The results of the initiative were incredible. Our partners worked with more than 30,000 children and youth. In Cancún, Red + Posithiva and CIAM managed to reduce the rate of teenage pregnancies by more than 60% in the schools where they offered sex education programs. In just a couple of years, OYE developed participatory advocacy proposals to promote youth leadership and guarantee the sexual rights of children and youth.

Working with boys and young men to promote alternative, diverse, non-hegemonic, and anti-patriarchal masculinities has proven to be a powerful strategy to tackle the harmful structures and norms that legitimize and reproduce violence and discrimination against girls and women.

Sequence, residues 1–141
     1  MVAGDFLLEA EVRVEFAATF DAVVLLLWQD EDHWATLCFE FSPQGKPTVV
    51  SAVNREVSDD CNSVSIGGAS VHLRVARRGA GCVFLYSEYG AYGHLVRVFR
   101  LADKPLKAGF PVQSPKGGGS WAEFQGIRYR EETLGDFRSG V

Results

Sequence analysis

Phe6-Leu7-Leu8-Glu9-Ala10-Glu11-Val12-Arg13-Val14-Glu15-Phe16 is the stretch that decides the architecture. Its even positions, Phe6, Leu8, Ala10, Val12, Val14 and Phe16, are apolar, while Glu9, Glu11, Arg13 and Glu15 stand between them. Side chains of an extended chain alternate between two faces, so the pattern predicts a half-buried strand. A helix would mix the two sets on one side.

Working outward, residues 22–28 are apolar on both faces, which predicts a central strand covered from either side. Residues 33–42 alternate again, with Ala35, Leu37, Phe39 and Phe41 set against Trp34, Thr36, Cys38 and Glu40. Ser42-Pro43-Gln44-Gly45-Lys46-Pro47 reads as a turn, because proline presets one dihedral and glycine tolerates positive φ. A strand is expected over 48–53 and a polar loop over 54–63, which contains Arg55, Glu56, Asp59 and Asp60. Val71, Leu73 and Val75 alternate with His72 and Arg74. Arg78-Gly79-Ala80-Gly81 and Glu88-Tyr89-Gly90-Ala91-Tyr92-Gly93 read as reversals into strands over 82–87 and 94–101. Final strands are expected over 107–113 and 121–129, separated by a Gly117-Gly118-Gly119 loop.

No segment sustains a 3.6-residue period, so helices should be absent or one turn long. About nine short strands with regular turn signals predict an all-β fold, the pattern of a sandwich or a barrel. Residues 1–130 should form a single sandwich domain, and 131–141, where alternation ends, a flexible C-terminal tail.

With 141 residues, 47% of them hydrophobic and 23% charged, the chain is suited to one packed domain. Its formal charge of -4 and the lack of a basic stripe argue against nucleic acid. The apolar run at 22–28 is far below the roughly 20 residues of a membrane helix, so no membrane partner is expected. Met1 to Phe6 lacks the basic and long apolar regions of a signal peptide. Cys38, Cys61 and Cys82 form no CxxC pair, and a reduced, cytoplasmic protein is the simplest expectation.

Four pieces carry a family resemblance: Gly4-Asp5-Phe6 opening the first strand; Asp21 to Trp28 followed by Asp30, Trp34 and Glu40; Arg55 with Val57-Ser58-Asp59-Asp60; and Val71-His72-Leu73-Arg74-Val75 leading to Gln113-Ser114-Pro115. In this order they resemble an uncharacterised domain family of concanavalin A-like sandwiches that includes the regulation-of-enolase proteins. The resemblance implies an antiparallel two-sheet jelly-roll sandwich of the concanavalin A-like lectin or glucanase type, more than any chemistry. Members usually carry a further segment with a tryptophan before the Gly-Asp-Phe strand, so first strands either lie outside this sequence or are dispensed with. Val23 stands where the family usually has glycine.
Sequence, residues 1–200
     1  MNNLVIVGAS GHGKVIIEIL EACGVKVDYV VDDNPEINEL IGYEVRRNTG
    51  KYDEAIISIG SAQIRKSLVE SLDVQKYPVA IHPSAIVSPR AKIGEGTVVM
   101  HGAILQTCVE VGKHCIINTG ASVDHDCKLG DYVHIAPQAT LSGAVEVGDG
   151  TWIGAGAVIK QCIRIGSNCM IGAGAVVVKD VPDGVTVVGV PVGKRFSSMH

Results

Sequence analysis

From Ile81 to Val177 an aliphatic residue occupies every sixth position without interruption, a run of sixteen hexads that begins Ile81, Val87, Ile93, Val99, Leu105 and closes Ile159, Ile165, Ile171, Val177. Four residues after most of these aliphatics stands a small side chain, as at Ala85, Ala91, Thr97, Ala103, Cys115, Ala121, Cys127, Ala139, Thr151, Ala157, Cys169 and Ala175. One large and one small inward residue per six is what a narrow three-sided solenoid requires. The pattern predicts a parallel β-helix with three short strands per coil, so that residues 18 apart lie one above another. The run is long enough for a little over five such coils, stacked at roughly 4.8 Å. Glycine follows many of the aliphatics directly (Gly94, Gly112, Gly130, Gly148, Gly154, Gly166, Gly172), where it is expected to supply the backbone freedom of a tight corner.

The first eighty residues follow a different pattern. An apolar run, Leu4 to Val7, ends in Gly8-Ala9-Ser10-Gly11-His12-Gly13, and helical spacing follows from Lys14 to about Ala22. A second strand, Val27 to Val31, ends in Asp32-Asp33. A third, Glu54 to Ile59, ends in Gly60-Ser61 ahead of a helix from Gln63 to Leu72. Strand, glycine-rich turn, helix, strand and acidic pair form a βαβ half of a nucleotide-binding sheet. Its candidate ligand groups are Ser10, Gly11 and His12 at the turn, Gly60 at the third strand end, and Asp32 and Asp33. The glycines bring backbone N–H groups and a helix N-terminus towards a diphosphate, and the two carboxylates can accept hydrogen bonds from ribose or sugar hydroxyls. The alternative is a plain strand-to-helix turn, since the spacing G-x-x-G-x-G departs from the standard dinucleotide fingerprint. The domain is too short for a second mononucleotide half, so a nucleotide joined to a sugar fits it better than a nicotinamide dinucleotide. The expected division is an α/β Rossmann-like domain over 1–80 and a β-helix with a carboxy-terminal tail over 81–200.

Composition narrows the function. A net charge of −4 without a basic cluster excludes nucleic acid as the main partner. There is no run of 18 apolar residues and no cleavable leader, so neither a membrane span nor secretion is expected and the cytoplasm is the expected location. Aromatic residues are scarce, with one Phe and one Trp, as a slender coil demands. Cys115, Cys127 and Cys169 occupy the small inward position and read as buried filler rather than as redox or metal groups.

At the same time, the construction and promotion of safe spaces for intimacy, discussion, and critical review of hegemonic masculinity contribute to the emotional development of boys and young men, reducing risky attitudes and expressions of violence.

“Personally, I think I am now able to identify machista attitudes that I still have, but these are becoming less frequent,” said Anderson Chávez, who began participating in an OYE program when he was 15 years old and later became a program coordinator for the organization. “I can now share my opinions freely and express my emotions, disavowing the idea that men do not cry or do not need affection.”

Promoting healthy masculinities is a caring process. It allows us to work together for a better and more equal world. It enables us to recognize privileges, detect violence, and heal wounds. It also fosters dialogue, change, and improvement.